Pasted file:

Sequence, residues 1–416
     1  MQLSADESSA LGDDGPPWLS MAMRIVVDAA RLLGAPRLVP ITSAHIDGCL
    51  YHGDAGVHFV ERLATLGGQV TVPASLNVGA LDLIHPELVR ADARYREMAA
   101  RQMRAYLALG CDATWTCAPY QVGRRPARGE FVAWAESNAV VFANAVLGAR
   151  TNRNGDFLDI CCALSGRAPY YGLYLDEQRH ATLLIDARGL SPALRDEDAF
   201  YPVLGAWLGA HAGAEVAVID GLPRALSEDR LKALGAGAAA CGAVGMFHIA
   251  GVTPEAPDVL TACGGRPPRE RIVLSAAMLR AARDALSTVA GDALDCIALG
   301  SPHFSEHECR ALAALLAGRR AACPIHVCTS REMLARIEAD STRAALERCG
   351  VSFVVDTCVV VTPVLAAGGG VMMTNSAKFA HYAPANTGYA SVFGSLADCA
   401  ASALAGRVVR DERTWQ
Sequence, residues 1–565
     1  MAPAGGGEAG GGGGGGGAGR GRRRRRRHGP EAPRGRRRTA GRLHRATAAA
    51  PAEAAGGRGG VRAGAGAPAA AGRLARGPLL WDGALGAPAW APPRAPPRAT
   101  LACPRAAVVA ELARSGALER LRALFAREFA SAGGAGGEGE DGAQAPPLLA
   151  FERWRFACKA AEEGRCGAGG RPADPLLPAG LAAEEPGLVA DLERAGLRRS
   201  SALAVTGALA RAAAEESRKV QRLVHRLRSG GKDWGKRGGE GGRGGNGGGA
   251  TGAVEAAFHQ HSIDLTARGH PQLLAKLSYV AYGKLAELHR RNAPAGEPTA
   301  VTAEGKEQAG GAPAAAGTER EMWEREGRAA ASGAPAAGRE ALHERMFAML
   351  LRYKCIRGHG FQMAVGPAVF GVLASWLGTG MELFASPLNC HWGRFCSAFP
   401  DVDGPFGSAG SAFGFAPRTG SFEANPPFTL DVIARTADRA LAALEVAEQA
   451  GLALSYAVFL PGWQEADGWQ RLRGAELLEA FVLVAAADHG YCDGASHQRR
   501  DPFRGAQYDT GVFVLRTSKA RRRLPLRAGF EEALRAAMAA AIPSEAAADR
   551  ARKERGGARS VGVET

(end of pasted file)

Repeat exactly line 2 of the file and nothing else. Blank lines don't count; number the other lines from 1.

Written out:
     1  MQLSADESSA LGDDGPPWLS MAMRIVVDAA RLLGAPRLVP ITSAHIDGCL